Under Fire for Negligence, North Carolina Prisons Chief Seeks New Funding for Mental Health Treatment

North Carolina corrections chief David Guice wants more than $20 million to improve the treatment of people with mental illness in the state’s prisons. His request comes on the heels of two recent reports showing neglect and abuse of prisoners with psychiatric disabilities in North Carolina, and the death in custody of one such individual, Michael Anthony Kerr. According to autopsy report findings released in September, Kerr died last March of dehydration after being held in solitary confinement for 35 days.
Guice heads up the state’s prison system as commissioner of the Department of Public Safety’s Division of Adult Correction and Juvenile Justice. His request was made last Thursday at a meeting of the state’s Joint Legislative Oversight Committee on Justice and Public Safety, held to discuss North Carolina’s treatment of prisoners suffering from mental illnesses.
At the meeting, Guice cited the difficulties in providing adequate care for 4,600 people – 12 percent of the total prison population – requiring mental health services. The prison system wants the state’s upcoming budget to include funding for more than 300 additional mental health care staff statewide, 64 more for Central Prison’s mental health unit, and 76 probation officers.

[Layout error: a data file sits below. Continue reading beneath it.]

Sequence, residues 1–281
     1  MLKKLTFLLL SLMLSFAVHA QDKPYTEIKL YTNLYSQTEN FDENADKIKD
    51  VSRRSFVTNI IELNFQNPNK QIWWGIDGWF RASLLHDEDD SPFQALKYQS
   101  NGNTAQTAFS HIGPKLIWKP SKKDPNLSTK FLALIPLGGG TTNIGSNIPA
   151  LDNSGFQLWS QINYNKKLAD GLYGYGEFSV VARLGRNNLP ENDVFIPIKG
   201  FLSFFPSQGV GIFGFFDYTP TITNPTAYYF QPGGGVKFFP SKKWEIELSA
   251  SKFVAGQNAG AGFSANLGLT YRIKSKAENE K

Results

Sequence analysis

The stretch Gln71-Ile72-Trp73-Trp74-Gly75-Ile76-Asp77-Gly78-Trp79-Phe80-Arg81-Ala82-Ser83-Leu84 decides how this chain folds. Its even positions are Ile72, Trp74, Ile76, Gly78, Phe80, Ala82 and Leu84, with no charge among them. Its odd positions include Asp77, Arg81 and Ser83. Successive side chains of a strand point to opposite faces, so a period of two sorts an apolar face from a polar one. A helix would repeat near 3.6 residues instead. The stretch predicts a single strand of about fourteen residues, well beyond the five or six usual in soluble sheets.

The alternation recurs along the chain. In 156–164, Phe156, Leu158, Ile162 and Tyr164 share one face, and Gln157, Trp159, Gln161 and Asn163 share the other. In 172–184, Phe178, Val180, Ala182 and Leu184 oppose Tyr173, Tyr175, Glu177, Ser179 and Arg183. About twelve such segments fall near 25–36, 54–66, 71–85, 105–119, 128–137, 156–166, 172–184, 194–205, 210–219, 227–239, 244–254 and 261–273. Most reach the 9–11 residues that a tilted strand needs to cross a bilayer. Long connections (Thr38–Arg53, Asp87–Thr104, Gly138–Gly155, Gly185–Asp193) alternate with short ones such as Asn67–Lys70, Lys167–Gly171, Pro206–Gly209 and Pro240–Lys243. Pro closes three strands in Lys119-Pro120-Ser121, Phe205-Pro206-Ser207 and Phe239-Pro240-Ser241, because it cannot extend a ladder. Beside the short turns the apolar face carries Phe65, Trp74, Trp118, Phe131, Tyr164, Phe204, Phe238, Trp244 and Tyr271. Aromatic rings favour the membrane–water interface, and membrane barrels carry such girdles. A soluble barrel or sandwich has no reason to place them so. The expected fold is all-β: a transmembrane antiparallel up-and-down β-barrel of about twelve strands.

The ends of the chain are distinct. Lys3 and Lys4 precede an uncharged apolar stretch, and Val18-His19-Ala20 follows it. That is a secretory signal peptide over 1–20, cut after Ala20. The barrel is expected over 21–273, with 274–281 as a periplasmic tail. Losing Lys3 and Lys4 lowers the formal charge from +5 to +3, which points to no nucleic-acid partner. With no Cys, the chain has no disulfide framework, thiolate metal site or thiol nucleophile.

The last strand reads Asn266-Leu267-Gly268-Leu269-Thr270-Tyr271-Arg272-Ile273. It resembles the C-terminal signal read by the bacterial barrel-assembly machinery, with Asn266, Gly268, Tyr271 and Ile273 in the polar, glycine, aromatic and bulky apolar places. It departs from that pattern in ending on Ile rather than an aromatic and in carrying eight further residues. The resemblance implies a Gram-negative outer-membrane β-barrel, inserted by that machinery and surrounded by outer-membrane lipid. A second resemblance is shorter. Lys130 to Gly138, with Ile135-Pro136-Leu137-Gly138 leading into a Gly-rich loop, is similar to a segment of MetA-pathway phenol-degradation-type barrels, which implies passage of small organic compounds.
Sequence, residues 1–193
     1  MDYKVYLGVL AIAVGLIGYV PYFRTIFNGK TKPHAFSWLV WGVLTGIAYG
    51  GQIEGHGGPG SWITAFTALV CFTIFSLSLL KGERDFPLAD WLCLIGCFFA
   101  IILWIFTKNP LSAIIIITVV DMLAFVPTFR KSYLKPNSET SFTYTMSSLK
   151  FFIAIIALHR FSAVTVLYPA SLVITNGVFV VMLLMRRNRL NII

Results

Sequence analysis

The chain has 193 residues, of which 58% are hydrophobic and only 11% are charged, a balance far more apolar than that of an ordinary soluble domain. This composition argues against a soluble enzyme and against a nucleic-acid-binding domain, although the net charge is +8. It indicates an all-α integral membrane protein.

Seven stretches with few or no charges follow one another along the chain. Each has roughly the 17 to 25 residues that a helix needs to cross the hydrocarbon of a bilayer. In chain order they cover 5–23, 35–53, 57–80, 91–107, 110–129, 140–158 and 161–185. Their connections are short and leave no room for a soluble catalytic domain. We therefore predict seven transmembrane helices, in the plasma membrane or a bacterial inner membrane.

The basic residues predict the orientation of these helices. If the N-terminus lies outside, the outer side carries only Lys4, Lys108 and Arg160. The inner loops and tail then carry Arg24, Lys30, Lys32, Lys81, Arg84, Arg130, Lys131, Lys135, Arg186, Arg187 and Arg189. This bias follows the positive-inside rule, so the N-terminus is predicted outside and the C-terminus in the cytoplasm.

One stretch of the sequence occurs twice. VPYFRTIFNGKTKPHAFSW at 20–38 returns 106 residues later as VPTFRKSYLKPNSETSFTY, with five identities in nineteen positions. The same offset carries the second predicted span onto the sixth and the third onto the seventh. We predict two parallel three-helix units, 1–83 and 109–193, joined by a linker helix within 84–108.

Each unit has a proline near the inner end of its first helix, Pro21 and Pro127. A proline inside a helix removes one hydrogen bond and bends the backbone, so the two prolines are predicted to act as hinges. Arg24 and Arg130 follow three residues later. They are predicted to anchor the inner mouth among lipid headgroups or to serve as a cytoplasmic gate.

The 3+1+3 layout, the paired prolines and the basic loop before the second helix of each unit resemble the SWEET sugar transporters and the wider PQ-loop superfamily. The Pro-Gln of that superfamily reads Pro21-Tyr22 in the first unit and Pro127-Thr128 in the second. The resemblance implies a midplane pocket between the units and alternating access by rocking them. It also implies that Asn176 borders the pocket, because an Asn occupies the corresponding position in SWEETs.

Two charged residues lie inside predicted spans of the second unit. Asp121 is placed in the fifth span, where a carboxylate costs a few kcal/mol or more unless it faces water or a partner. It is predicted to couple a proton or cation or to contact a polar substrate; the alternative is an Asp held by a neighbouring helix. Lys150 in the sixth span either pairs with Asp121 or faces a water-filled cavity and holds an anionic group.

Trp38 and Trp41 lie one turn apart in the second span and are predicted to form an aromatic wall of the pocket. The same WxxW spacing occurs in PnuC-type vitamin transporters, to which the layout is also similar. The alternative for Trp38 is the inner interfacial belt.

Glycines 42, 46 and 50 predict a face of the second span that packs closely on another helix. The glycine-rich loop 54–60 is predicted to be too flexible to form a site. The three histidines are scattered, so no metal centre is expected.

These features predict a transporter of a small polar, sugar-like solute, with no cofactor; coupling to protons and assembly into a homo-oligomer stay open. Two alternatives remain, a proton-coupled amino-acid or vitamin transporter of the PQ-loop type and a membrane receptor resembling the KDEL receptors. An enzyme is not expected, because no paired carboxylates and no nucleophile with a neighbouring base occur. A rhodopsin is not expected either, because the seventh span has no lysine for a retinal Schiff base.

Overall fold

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ACLU: County Jails Are Not Compliant With Prison Rape Elimination Act

From: WUNC, May 15, 2014:

A new report from the ACLU of North Carolina suggests many of the state’s county jails are not compliant with sexual assault prevention measures. The group says of the state’s 100 counties, 58 responded to requests regarding the measures jails take to prevent the assault of prisoners. None of those 58 were in full compliance with the Prison Rape Elimination Act, a 2003 federal law.

The group’s report focuses heavily on compliance involving inmates under the age of 18. Where most counties seem to be falling down is with keeping incarcerated youth (a particularly vulnerable population) separate from incarcerated adults.

“Their sleeping quarters are separated but the rest of the time they are not separated from the adult population,” said Sarah Preston, Policy Director for the ACLU of North Carolina. She points out that many facilities were not initially meant to house separate populations in the first place.

“The facilities never really were designed for juveniles, and therefore they were not designed to make it easy to keep the juveniles separate,” said Preston. “So we’re just kind of throwing these 16- and 17-year-olds in with the adult population. And that’s something that was a roadblock for some of these facilities that might want to comply.”

Nine of the 58 respondents looked to be attempting full-compliance, according to the report.

Read the rest here.